Use Collaboration as a Way to Embrace Change (Part 4 of 4)

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Collaboration in family philanthropy requires a deep, often emotional, commitment as it relates both to the individual and their family legacy. In our conversations with over 25 innovative philanthropic and socially-minded organizations (some of whom are listed at the end of the full article in the Knowledge Center)  experts shared many stories about families who see philanthropic collaboration as an opportunity to bring differing generations and personalities closer. In practice, however, achieving this was more complicated. That is why our final post on our series on 21st Century Collaboration directly addresses one of the most complex aspects of family collaboration – generational transition.

Weathering Family Transitions

Families have a pre-set group with whom to collaborate, but with that comes other complexities related to family dynamics.

Align on shared family values that are balanced with the flexibility to evolve as new generations engage.

Just as any collaboration requires establishing shared goals, families that intend to work together must have a deep sense of who they are as a family and how individuals are a part of that. Some of this comes from family culture, and some can be built into family culture with guidance and support from skilled advisors. For collaboration that is sustainable, it is critical to help each family member recognize their individual perspective on social impact, and help them find their place in the family and family’s collective social impact work. And, whenever there’s a major transition in the family that affects leadership, it is important for everyone to convene in a structured way to revisit their shared values and renew or adapt them for the future.

New generations must be brought into the family social impact work thoughtfully and intentionally.

New generations introduce challenges, but also opportunities. Engaging younger family members in social impact or philanthropy can build connections across generations, create a giving legacy, and help younger generations develop life skills and gain new perspectives. However, as leadership transitions between generations, it often creates an inflection point.

While working through these differences may be difficult, it is important to find opportunities along the way to empower the younger generation. A younger generation can become disillusioned if it does not share authority, and sits in the shadows of a dominant older generation. Consider giving new members a discretionary pool of giving, a project or initiative to lead, or an event to organize, so they can practice leadership skills and have the chance to advocate for their interests within the larger family.

Cousins are the key to family collaboration, but they must be brought together with purpose.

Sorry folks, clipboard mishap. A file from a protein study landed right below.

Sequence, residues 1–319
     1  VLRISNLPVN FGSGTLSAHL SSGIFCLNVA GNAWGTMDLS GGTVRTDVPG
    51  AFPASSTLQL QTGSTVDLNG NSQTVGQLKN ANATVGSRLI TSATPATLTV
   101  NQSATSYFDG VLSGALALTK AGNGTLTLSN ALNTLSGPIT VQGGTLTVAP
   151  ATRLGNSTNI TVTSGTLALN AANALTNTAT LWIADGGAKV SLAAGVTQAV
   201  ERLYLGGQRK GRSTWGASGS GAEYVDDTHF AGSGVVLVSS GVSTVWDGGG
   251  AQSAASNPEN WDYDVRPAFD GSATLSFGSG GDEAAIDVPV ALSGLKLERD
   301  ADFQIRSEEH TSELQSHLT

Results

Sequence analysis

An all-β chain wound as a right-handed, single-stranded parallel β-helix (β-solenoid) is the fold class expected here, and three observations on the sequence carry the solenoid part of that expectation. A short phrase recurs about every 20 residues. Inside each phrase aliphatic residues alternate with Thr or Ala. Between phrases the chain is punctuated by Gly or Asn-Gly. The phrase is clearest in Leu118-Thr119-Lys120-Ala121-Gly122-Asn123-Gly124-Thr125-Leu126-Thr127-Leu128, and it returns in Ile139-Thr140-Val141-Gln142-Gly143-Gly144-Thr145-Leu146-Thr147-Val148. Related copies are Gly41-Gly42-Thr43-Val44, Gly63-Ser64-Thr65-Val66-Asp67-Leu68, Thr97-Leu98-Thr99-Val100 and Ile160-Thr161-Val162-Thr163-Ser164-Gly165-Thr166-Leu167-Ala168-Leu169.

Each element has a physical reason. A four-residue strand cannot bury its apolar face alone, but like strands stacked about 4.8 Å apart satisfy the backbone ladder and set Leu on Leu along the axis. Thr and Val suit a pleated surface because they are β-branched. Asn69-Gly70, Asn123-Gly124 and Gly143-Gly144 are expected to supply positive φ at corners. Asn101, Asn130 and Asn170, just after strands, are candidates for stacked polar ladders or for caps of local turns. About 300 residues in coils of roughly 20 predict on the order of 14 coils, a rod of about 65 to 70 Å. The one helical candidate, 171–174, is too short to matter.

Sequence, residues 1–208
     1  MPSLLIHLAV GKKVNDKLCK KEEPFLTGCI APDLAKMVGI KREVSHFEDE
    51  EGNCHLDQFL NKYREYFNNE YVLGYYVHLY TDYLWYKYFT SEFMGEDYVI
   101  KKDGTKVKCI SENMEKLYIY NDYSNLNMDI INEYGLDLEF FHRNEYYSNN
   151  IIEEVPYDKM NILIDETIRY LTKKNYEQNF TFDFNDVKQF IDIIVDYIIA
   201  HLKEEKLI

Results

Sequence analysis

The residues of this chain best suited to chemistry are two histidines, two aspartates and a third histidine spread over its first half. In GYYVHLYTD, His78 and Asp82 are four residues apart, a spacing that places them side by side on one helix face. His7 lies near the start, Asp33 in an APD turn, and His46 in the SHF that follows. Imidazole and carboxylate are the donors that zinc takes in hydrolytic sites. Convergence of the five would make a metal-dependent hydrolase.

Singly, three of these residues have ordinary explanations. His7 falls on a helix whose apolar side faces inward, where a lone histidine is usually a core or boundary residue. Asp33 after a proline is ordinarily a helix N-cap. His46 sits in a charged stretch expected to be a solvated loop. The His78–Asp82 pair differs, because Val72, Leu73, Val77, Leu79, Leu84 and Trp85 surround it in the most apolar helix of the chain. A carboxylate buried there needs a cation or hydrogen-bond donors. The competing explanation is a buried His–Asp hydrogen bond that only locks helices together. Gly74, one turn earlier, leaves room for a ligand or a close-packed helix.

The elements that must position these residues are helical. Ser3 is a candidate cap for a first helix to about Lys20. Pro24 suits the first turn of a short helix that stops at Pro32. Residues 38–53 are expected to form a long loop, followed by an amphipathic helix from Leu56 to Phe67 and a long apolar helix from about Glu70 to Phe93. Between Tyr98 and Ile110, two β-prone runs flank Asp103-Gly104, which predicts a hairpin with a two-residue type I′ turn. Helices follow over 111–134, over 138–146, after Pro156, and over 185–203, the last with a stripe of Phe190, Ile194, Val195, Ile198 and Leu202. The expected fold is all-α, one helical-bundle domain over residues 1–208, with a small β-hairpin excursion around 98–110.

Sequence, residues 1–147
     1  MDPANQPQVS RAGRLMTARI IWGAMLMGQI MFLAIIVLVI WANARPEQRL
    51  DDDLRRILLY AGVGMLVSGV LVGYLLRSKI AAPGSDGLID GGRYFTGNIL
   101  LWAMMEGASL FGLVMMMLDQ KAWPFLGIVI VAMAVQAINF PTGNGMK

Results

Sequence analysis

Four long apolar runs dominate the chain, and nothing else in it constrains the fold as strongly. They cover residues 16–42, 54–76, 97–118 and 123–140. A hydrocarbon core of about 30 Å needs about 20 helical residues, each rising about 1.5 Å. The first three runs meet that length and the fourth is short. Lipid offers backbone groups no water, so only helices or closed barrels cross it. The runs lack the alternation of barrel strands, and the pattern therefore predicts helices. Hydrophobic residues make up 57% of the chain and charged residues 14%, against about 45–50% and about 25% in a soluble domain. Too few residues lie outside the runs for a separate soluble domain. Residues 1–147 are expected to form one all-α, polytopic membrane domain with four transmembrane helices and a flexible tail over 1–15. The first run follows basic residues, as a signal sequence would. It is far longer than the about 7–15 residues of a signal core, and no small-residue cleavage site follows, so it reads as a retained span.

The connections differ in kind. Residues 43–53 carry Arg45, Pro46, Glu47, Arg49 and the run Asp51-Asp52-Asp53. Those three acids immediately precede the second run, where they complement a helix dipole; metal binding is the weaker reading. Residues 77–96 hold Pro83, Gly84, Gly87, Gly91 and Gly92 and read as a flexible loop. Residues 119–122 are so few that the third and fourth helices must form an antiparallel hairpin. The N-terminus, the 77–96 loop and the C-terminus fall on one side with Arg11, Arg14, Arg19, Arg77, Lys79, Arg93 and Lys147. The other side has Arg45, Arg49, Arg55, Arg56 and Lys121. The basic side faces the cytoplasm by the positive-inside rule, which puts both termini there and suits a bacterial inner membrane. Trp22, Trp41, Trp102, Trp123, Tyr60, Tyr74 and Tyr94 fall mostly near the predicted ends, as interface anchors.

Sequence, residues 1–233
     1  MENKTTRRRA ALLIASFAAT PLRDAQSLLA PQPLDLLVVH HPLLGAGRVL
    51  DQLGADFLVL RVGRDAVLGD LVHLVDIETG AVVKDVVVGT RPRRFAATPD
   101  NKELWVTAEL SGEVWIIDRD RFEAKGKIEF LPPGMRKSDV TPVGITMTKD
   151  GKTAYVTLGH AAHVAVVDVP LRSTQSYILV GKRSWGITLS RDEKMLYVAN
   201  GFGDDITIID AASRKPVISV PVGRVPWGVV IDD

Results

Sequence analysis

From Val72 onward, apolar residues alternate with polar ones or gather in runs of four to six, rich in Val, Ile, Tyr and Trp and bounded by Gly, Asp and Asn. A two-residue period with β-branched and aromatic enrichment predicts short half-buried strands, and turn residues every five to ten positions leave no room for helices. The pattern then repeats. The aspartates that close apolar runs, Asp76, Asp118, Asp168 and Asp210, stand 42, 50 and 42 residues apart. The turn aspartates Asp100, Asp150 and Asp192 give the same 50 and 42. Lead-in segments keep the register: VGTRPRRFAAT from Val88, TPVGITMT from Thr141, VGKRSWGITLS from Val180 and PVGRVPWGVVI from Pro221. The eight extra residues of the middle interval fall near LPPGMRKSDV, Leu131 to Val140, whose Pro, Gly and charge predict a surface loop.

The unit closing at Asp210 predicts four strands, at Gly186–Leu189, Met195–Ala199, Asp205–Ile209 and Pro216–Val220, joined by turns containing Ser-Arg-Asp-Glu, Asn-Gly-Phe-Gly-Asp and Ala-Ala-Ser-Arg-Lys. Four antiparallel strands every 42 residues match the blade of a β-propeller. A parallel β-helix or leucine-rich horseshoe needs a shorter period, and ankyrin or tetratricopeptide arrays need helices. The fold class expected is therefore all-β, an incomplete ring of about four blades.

There are, of course, many benefits to passing the torch successfully. Interviewees who advise families noted that cousins tend to retain familial bonds with each other, while being less at odds with each other than siblings and parent/child relationships. When cousin gatherings are focused and designed well, they can enhance these connections and create the bedrock of healthy collaboration. In some cases, like when families are spread out geographically or members have diverse experiences, these relationships are not preexisting and must be forged.

Navigating rocky transitions poorly leads to negative consequences
In our interviews, we encountered two case studies in which foundations eventually dissolved due to poor transitions. In one, they described the awkwardness that accompanied the younger generation joining. The voting was clearly weighted toward the side of the family with the elders who were already established family leaders, which made it difficult for the younger members to find their voice. Eventually their interest in involvement diminished. In another case, the strong patriarch who created the foundation passed away, leaving the remaining family members asking themselves for the first time what kind of impact they wanted to have. This revealed stark differences between them and ultimately led to the termination of the foundation as well as the breakdown in their personal relationships. These experiences are not unique to family foundations. We heard similar anecdotes about families who rely on DAFs and other forms of giving. Not incorporating other family voices and waiting too long to empower younger generations can have ripple effects that affect the family’s giving, cohesion and, ultimately, legacy.


  • Where are there opportunities for your family to revisit and update your shared values?
  • How are younger family members empowered and how do they gain the skills necessary to be future leaders in your family’s social impact pursuits?
  • What kind of structure could provide more opportunities for building common experiences across larger or more dispersed families?

Debi Blizard is the Director of Social Impact at Intentional Futures

Zoe True is the Associate Director of Social Impact at Intentional Futures

The views and opinions expressed in individual blog posts are those of the author(s) and do not necessarily reflect the official policy or position of the National Center for Family Philanthropy.